Mr. Delaney can also advise officers and directors on strategic risk management, corporate governance, and leadership programs.

To read about our government contracts practice group, click here.

 

NOTE: CASE RESULTS DEPEND ON A VARIETY OF UNIQUE FACTORS AND DO NOT GUARANTEE OR PREDICT SIMILAR RESULTS FOR FUTURE CASES.


Kevin Byrnes Joins FH+H as a Partner

June 22, 2017

FH+H is pleased to welcome Partner Kevin E. Byrnes to our team of professionals. Mr. Byrnes is an experienced civil litigator and a current member of the Virginia and District of Columbia Bar. His practice areas include business litigation, employment law and estate litigation.

Mr. Byrnes has an active federal employment practice, often representing senior employees, federal law enforcement agents and licensed professionals, such as lawyers and doctors, who face allegations of misconduct, security and background investigations, fitness for duty issues, or who claim they are whistleblowers or face discrimination. Mr. Byrnes, himself a veteran and former judge advocate, also represents active duty and reservist personnel, who face discrimination due to their current or prior military service.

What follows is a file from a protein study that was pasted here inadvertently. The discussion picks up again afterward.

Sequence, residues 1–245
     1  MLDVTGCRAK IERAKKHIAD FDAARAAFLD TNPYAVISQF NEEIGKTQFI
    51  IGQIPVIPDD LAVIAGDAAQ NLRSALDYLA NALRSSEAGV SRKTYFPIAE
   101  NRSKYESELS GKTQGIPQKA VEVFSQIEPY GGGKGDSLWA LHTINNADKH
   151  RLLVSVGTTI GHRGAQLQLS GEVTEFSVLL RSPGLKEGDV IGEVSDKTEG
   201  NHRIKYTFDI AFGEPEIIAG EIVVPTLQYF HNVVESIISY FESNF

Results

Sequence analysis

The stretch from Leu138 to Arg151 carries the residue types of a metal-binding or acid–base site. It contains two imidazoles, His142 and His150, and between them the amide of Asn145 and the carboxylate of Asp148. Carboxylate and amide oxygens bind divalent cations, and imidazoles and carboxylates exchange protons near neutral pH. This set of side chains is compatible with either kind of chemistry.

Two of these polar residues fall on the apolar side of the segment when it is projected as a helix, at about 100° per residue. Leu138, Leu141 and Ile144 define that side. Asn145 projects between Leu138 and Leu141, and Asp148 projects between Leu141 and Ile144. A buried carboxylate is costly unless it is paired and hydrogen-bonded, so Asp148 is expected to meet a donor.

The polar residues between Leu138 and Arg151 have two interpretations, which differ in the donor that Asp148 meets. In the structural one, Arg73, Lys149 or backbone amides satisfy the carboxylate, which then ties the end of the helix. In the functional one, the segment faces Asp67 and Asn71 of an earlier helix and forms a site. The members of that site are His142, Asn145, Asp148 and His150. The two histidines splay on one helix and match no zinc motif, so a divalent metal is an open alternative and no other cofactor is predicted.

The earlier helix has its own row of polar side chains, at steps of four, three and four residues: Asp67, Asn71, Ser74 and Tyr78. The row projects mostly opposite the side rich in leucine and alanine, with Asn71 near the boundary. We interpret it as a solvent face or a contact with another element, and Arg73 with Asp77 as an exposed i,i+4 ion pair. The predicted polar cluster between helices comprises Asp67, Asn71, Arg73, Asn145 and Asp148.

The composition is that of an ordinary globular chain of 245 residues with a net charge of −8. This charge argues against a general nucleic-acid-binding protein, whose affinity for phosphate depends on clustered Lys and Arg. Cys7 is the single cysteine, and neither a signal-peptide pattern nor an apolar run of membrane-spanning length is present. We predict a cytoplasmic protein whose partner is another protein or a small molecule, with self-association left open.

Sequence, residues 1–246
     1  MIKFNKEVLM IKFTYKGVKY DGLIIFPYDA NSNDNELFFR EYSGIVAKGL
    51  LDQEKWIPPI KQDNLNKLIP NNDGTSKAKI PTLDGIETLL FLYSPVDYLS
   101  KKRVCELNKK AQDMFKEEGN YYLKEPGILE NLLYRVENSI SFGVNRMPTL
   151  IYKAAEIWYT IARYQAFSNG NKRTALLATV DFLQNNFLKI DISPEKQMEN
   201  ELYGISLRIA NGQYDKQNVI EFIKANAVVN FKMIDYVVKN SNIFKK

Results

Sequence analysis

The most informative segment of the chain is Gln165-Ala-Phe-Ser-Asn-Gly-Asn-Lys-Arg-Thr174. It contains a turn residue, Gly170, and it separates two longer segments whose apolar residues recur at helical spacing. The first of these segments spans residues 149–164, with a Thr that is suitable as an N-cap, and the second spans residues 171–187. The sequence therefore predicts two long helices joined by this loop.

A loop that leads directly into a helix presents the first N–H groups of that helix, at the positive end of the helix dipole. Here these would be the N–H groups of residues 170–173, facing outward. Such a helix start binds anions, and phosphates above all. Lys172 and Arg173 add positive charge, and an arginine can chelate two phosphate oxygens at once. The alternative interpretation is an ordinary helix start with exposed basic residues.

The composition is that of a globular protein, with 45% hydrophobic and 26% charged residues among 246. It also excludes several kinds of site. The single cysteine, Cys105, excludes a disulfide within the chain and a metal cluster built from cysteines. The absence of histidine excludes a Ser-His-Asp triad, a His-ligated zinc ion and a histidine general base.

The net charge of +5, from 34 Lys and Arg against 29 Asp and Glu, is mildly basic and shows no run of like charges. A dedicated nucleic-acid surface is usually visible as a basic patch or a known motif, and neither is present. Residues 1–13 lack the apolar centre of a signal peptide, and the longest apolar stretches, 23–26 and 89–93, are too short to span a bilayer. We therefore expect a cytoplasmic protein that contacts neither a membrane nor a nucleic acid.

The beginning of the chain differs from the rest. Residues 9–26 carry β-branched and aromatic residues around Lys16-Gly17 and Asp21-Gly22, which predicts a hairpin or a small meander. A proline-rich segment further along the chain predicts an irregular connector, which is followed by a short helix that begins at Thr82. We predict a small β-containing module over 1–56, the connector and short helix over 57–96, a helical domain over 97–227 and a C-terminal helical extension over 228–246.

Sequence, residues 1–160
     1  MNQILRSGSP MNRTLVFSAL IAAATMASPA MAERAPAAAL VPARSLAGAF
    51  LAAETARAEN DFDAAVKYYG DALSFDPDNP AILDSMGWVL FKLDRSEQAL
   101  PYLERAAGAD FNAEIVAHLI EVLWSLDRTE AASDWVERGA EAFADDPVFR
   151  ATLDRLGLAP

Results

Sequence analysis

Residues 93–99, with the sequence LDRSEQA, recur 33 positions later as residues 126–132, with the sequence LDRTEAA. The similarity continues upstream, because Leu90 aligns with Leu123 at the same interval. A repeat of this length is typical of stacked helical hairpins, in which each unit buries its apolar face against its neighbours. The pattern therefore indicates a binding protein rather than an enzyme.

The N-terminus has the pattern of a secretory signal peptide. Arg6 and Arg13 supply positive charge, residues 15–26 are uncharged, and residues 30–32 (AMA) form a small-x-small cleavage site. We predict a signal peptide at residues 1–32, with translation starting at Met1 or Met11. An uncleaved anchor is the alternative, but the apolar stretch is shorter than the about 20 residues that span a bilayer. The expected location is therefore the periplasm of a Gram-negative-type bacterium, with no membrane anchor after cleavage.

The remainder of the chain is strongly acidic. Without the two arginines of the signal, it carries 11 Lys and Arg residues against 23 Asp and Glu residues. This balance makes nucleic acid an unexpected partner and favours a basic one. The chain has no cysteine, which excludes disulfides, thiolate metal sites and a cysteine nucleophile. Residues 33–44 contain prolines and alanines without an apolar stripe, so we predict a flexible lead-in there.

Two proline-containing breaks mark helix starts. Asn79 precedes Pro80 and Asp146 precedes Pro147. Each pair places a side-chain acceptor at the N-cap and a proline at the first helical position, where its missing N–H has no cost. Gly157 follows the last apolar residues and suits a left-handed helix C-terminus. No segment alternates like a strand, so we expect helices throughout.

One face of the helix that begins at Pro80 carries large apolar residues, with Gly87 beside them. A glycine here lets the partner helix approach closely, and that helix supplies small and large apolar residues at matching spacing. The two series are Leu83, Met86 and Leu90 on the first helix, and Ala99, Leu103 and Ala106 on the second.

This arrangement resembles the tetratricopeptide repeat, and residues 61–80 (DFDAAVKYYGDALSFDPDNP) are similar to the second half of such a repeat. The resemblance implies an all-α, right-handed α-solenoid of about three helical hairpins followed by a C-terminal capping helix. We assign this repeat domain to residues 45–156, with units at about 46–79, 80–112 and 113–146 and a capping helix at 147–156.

Another area of practice includes the representation of medical professionals. On areas ranging from developing, selling, or purchasing a practice to compliance with state and federal law and ethics codes, Mr. Byrnes offers a full range of business and litigation services, including practice before boards of licensure.

Mr. Byrnes has litigated extensively at the administrative, district court, and appellate level. In his career, Mr. Byrnes has participated in more than 150 jury trials and has also argued before the MSPB, the EEOC, DOHA, the 4th and 5th Circuits, the D.C. Circuit, and in various state and federal courts.

Mr. Byrnes is a graduate of the Catholic University of America, Columbus School of Law, and he is admitted before the District of Columbia and Virginia bars. Mr. Byrnes previously served as an Assistant U.S. Attorney in the District of Columbia. He has been in private practice since 2001 in both small and large firm settings and most recently successfully ran a solo practice before deciding to join our firm.